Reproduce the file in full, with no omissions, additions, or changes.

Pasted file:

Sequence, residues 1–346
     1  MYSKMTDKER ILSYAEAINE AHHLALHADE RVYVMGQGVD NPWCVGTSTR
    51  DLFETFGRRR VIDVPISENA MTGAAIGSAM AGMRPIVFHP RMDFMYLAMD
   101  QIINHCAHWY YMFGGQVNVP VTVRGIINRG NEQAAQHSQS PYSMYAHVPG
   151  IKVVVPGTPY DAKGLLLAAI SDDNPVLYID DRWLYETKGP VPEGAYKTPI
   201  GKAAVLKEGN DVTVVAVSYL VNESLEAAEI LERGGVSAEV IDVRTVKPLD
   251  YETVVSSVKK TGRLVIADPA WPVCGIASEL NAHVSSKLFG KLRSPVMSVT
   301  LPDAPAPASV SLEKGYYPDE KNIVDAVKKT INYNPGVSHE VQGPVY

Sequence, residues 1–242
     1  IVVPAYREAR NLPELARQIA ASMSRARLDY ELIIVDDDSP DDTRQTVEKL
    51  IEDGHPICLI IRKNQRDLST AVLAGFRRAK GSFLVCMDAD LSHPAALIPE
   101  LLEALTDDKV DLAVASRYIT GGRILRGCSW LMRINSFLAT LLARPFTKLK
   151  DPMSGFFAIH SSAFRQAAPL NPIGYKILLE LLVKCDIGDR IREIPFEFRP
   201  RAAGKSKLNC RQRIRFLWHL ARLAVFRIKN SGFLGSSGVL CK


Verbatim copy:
Sequence, residues 1–346
     1  MYSKMTDKER ILSYAEAINE AHHLALHADE RVYVMGQGVD NPWCVGTSTR
    51  DLFETFGRRR VIDVPISENA MTGAAIGSAM AGMRPIVFHP RMDFMYLAMD
   101  QIINHCAHWY YMFGGQVNVP VTVRGIINRG NEQAAQHSQS PYSMYAHVPG
   151  IKVVVPGTPY DAKGLLLAAI SDDNPVLYID DRWLYETKGP VPEGAYKTPI
   201  GKAAVLKEGN DVTVVAVSYL VNESLEAAEI LERGGVSAEV IDVRTVKPLD
   251  YETVVSSVKK TGRLVIADPA WPVCGIASEL NAHVSSKLFG KLRSPVMSVT
   301  LPDAPAPASV SLEKGYYPDE KNIVDAVKKT INYNPGVSHE VQGPVY

Sequence, residues 1–242
     1  IVVPAYREAR NLPELARQIA ASMSRARLDY ELIIVDDDSP DDTRQTVEKL
    51  IEDGHPICLI IRKNQRDLST AVLAGFRRAK GSFLVCMDAD LSHPAALIPE
   101  LLEALTDDKV DLAVASRYIT GGRILRGCSW LMRINSFLAT LLARPFTKLK
   151  DPMSGFFAIH SSAFRQAAPL NPIGYKILLE LLVKCDIGDR IREIPFEFRP
   201  RAAGKSKLNC RQRIRFLWHL ARLAVFRIKN SGFLGSSGVL CK